Peter Suber on the definition of OA

Peter Suber has again been foiled by our WordPress comment system and I copy his latest one and comment on it.

Hi Peter[MR]:  Some people objected to “weak OA” on the ground that it disparaged some difficult and significant achievements.  Some objected to “strong OA” on the ground that it glorified some weak or not-very-open variations on the theme.  You’re clearly in the second camp:  “I feel deeply unhappy about the use of ‘strongOA’ to describe something which has most of its permission barriers still in place….”
Both objections are justified, which is why I’m no longer using the terms.  However, as I said in the passage you quote, the distinction itself (between removing no permission barriers and removing some) remains important, widely accepted, and non-controversial.  I’m currently leaning toward terms that are purely descriptive and carry no judgments –such as “gratis” and “libre”, which have the advantage of expressing exactly this distinction in the world of software.
But even with neutral terms, we must accept the fact that there’s more than one permission barrier to remove and therefore more than one degree or kind of “strong” or “libre” OA.  The neutral term for that *family* of OA, therefore, will not be synonymous with any single flavor, such as CC-BY or CC-NC.  It will still be the case, as it always has, that the most precise way to refer to a single flavor is to refer to a license.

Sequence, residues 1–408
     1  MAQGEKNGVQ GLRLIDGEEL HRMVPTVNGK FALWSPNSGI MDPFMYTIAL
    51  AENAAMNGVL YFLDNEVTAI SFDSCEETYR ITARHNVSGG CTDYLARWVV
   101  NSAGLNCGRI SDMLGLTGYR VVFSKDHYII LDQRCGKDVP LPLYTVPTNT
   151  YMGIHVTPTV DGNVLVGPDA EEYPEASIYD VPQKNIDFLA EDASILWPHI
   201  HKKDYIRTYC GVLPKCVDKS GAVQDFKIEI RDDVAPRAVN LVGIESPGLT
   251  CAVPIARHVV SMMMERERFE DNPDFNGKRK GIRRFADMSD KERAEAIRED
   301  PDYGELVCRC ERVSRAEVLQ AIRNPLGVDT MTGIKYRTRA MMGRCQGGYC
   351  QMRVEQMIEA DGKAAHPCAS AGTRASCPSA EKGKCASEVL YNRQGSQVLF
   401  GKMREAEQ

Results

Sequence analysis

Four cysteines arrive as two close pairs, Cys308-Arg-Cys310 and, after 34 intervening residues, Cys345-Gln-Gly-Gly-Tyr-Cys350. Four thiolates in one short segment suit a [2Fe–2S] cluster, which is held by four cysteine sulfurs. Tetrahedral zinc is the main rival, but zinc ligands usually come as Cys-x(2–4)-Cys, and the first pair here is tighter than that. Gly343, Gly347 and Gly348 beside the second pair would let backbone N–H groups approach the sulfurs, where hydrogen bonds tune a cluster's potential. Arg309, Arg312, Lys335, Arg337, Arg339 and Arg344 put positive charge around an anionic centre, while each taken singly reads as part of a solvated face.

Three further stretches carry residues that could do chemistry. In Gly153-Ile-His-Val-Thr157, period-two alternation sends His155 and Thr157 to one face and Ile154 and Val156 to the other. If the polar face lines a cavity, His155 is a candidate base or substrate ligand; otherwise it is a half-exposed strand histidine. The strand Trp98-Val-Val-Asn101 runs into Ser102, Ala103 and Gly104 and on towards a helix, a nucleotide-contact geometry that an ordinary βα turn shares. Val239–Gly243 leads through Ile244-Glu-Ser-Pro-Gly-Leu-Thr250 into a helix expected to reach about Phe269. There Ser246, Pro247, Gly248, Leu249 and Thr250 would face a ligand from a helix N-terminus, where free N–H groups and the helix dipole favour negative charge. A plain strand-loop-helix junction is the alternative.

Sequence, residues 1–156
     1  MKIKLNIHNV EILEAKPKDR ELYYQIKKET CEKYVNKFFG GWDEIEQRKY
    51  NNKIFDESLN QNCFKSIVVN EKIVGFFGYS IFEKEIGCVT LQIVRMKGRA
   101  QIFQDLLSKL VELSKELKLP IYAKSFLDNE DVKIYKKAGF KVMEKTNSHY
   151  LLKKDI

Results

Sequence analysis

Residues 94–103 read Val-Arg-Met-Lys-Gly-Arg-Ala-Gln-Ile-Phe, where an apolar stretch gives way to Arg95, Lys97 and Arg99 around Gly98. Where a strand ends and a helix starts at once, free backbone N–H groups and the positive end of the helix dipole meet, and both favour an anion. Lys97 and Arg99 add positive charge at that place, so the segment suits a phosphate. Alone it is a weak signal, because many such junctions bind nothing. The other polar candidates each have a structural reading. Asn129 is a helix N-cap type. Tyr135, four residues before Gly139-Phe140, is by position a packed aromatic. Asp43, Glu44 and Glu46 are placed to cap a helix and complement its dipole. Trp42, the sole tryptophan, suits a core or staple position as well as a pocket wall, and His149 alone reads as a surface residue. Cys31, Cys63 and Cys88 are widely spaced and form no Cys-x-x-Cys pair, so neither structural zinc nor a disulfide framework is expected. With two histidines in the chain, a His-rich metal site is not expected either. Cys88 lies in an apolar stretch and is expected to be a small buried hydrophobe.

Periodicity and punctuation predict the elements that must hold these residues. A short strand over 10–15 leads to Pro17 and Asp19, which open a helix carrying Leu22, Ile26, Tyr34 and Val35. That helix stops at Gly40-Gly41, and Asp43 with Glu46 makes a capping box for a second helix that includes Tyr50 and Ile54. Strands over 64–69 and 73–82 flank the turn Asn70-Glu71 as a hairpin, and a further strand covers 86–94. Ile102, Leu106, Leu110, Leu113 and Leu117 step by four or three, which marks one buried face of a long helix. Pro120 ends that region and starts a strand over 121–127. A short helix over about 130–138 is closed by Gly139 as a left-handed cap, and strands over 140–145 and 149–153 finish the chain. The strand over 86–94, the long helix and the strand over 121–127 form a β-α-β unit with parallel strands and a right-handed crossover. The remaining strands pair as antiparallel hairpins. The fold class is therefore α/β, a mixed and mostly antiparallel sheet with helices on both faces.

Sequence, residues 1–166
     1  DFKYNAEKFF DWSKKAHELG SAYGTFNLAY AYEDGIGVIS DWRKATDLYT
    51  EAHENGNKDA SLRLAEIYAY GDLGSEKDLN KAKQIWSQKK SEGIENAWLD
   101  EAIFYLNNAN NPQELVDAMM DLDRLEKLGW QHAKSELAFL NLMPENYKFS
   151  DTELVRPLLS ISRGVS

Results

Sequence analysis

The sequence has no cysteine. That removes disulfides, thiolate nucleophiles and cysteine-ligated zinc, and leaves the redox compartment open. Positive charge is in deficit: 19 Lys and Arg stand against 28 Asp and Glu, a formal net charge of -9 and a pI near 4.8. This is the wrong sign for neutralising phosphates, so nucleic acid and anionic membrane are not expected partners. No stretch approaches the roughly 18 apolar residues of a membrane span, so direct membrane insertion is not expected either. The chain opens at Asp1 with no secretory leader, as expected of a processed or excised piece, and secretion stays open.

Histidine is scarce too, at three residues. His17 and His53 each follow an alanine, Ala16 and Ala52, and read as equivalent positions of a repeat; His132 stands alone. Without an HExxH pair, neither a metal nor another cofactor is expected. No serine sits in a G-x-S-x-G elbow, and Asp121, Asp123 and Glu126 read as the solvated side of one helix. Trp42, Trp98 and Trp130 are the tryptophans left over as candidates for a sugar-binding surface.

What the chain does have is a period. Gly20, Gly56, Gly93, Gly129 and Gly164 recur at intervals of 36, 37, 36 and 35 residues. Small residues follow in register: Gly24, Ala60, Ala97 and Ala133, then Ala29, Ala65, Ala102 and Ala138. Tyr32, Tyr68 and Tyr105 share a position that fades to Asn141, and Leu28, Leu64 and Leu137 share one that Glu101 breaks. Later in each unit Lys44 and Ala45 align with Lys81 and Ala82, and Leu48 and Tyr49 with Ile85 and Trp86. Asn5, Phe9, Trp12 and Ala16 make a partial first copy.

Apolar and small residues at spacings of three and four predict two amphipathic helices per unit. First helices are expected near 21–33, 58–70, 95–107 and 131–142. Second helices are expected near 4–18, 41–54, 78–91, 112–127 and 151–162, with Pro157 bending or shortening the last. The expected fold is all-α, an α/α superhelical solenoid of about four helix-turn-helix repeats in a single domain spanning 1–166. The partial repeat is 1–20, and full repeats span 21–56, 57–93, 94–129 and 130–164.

You add:  “If I were a funder wishing to support OA I would have little idea what I should be campaigning for.”  Funders should focus on substance, not labels, just as researchers should.  If they want to remove price barriers alone (which is the goal of most funder policies to date), they should do so.  If they want to remove some permission barriers as well (which some now do), they should decide which ones.  The unitary label “OA” never made these decisions easier and a plurality of labels for different varieties of OA doesn’t make the decisions harder.
For example, no funder has ever required BBB OA for its funded research, even if we think they should have and even if they were among those who insisted that “OA” was synonymous with “BBB OA”.
I’m looking for clear and neutral terms for different types of openness precisely so that we can talk about our substantive policy options more clearly.  As I said in my original post on strong and weak OA, the term “OA” is now used ambiguously for both species.  This is a fact of usage and it hurts communication.  Clear and neutral terms solve the problems caused by ambiguity and shouldn’t affect our thinking about substance and strategy at all –except to make it clearer.

PMR: This is very helpful. Yes, I am an the camp who thinks that we should be campaigning for BBB, but I accept that there are others which believe that goals may often (even most often) be more modest. Again I hope it’s clear that less-than-BBB can be intensely frustrating for scientists, whereas for many disciplines self-archiving is adequate.